He amassed this list to offer it as proof to a doctor who will later provide only the truth of the situation we find ourselves in: everything my father has observed will worsen. My father is measuring time in the distance my mother has traveled from the person he knew best to the person with whom he now lives.
I know these clocks feel like a merciless metaphor for how little time it feels like we have left… for things that seem so unbearable that I can’t even write them.
As he tells me a few days ago, my mother has become someone who is irritated by everything—noise, cold, heat, surprising sounds. She finds it increasingly hard to find comfort in any part of daily life, feels as if everything is an inconvenience, a discomfort, or worse, a threat.
I find that same piece of paper a few weeks ago, and find that my father has and annotated it, circling the symptoms that have worsened, underlining and starring words. He has marked the last three years with a grammar of symbols that communicates only that everything is getting worse.
Where does the story begin? If this is a story of slow deterioration over time, where does it begin?
It is two days after my daughter is born, in an unusually cold spell in January in Washington DC. It is our second night back in our apartment, and time has collapsed into a haze of bottle assembly and diaper changes. My mother offers to stay up and hold the baby while I sleep. I offer her a piece of paper with simple feeding instructions, and wake up a few hours later to find my mother’s hands quivering.
Later I find a series of notes written in shaky handwriting that I can only guess she meant to deliver to me later: Fed baby. Crying. Fed again. Won’t stop crying. The baby is fine—her appetite governs everything and she wails until she is fed—but my mother is not. A screaming baby is a ticking time bomb, and in the quietest hours of the night, a baby’s wail is like a bleeping alarm clock that one wants to mute. In the haze of exhaustion and hormones, her inability to help felt like a betrayal, but now I understand it—I think—as the beginning of the moment we find ourselves in.
But if I think back, three years earlier, during my semester long sabbatical in Spain, I remember the week when my parents flew to visit us. My father rented a small stick shift car that, it turned out, he could not drive well. But we made it to the pueblos blancos where we ate Thanksgiving dinner in Arcos de la Frontera in a small restaurant on the side of a mountain and visited the bull ring in Ronda.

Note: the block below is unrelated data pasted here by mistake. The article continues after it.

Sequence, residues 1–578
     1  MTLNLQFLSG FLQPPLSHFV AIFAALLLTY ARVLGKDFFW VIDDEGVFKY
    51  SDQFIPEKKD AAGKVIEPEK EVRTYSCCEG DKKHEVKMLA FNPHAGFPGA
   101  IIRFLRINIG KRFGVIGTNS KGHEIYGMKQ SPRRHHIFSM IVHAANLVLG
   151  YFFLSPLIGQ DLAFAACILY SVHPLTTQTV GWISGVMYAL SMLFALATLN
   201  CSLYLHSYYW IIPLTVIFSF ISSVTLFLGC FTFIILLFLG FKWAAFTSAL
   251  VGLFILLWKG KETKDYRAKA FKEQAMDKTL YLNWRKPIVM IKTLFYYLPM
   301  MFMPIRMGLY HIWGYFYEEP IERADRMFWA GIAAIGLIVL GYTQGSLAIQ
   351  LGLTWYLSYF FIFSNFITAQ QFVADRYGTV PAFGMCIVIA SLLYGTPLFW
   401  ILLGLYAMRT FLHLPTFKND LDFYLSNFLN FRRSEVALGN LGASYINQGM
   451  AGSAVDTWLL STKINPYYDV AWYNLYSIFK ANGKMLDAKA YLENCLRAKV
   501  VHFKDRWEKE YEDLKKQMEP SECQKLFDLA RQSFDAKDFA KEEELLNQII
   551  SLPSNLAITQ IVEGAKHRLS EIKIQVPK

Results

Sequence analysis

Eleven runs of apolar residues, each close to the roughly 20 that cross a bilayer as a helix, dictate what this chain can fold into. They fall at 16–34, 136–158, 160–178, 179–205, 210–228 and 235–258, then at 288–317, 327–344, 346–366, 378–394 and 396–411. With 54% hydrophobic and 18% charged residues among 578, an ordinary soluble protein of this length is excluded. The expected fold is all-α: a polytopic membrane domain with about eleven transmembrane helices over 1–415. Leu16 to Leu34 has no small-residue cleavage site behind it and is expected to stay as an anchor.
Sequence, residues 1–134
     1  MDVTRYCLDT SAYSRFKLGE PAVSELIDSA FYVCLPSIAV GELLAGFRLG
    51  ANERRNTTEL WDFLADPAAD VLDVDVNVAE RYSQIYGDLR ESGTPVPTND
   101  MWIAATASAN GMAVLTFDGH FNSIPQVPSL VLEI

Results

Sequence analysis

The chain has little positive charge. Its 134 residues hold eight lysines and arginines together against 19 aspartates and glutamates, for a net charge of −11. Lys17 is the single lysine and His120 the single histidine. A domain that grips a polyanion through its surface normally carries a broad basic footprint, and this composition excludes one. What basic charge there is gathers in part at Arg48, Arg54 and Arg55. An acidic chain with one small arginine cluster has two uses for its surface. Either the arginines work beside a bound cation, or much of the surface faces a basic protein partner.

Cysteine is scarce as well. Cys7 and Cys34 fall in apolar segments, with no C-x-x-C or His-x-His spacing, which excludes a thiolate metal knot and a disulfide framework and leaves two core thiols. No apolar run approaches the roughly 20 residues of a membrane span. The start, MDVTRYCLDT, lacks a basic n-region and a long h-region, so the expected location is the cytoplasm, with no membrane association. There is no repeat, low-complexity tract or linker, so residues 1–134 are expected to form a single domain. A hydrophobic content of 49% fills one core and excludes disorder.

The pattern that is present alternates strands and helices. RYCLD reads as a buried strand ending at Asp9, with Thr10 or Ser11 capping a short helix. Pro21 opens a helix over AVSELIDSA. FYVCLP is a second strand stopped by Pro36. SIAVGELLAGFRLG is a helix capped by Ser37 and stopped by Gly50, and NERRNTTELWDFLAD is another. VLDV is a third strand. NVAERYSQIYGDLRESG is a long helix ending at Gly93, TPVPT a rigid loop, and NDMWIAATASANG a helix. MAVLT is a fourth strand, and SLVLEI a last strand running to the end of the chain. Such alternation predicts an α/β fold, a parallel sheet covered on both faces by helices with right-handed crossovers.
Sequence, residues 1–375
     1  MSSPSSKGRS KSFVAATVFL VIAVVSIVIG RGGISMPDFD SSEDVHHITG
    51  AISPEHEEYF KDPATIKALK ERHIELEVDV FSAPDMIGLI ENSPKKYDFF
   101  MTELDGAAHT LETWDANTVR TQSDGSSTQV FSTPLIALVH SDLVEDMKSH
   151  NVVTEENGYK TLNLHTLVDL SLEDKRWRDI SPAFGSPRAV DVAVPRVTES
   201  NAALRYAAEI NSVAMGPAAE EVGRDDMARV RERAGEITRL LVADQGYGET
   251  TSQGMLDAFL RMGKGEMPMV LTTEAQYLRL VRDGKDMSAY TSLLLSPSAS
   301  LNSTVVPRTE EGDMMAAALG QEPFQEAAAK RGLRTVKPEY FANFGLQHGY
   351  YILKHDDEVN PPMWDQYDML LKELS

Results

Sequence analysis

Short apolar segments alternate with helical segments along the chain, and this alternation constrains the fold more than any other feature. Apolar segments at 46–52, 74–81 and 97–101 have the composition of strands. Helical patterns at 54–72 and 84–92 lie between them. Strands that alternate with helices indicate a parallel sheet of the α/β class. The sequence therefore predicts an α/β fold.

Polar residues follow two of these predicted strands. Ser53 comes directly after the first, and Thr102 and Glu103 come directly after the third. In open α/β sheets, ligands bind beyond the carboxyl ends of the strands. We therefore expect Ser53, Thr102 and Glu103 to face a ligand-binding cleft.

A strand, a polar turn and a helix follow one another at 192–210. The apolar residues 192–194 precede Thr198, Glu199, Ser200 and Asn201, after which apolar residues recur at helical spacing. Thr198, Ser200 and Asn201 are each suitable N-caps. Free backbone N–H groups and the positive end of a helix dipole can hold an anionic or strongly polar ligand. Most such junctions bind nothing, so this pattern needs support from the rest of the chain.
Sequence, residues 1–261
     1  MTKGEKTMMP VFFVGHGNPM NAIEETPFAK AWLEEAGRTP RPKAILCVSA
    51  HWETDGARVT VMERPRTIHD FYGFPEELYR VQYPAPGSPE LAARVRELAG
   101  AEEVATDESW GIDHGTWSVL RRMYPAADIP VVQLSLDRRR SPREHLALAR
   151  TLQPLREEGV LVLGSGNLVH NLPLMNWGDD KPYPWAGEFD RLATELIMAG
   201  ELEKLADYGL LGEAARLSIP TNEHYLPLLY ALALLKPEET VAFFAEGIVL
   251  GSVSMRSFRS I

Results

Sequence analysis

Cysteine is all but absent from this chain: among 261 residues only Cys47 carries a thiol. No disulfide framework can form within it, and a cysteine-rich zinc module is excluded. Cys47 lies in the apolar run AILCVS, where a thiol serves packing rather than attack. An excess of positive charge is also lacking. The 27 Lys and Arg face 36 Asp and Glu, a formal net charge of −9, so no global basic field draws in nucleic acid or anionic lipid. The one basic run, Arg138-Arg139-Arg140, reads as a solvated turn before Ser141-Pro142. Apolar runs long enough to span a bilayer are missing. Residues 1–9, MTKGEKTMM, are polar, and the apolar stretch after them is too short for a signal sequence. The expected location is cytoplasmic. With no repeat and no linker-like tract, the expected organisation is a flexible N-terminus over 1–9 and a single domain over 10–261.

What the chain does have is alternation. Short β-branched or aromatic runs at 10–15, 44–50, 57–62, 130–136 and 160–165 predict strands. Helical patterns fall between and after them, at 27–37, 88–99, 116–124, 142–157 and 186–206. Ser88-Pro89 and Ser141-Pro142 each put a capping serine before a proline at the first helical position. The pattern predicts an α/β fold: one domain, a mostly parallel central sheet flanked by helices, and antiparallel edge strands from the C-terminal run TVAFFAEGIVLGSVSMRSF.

We wandered quiet winding roads in empty towns, we saw people hang orange sheets from the windows of their white buildings. Toward the end of the trip, my husband asks my mother: you know where you are, right? She smiles broadly. I have no idea.
The doctor tells us that her MRI shows white spots on her brain, that these are mysterious, and that if we want to know the full truth of what’s happening in her body, we can have the doctor perform a spinal tap and look for signs of stroke or something else.
Does it seem to you she had a stroke? I ask. The doctor shakes her head. But if we have a spinal tap, we have something the doctor amorphously calls information. It is information that will do nothing to alleviate the moment we are in. It will only confirm that a clock inside of my mother started its own rhythmical ticking before we even noticed, and by the time we did, it was too late.
It’s the laugh that comes to her now when she can’t discern if someone is joking, the one that emerges when she wants to assure me—and maybe herself—that she knows exactly what is going on.
In 2022, my mother is asked to draw a clock and to set it to ten past eleven. She draws the number ten. She draws the number eleven. She draws a line connecting them. That is the same year my mother refuses to buy anything at Target because the prices offend her. $10 for a bra?! She scoffs. That’s insanity. She emits a low snort which has become her trademark, a sign of disgust and indignation. She is chronically irritable, perennially upset.
But nothing upsets her more than prices. For her, the year is 1978—or so she reveals to her doctor when she is asked what time it is–and the prices of everything are far too high. The only flicker of recognition of the times we are in is when the doctor asks her who the president is. Donald Trump, she says, and lets out her snort. He isn’t the president anymore, but she’s not that far off. And his name and her disgust have shot through her cognitive haze. She remembers to be offended, and that is something.
My parents eat dinner at our house every Sunday, but now as soon as the meal ends, my mother squeezes my father’s arm. It’s time to go, she pleads. Once the evening turns dark, she senses it is late—even when it isn’t—and she insists they need to return home to feed the cat, to get to bed, to prepare for another day.
Two nights ago, as she leaves my house, she looks at me and says I’ve known you a long time. I say, Yes, you have. She squints. She studies my face. I can see her slowly telling time. She responds I think I knew you when you were young. Yes, I reply, we have known each other forty-three years. She pauses. She stares at my face. She puts her hand on my shoulder. That’s a very long time.
She laughs. It’s the laugh that comes to her now when she can’t discern if someone is joking, the one that emerges when she wants to assure me—and maybe herself—that she knows exactly what is going on.